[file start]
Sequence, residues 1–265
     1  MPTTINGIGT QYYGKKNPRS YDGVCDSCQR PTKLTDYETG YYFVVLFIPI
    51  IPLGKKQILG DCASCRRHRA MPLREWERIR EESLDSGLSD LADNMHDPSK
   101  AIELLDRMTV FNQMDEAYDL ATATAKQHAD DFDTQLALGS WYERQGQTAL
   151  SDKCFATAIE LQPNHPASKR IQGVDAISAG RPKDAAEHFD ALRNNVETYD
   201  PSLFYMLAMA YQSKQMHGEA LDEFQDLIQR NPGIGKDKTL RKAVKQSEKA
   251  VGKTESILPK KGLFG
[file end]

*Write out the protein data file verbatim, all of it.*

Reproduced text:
Sequence, residues 1–265
     1  MPTTINGIGT QYYGKKNPRS YDGVCDSCQR PTKLTDYETG YYFVVLFIPI
    51  IPLGKKQILG DCASCRRHRA MPLREWERIR EESLDSGLSD LADNMHDPSK
   101  AIELLDRMTV FNQMDEAYDL ATATAKQHAD DFDTQLALGS WYERQGQTAL
   151  SDKCFATAIE LQPNHPASKR IQGVDAISAG RPKDAAEHFD ALRNNVETYD
   201  PSLFYMLAMA YQSKQMHGEA LDEFQDLIQR NPGIGKDKTL RKAVKQSEKA
   251  VGKTESILPK KGLFG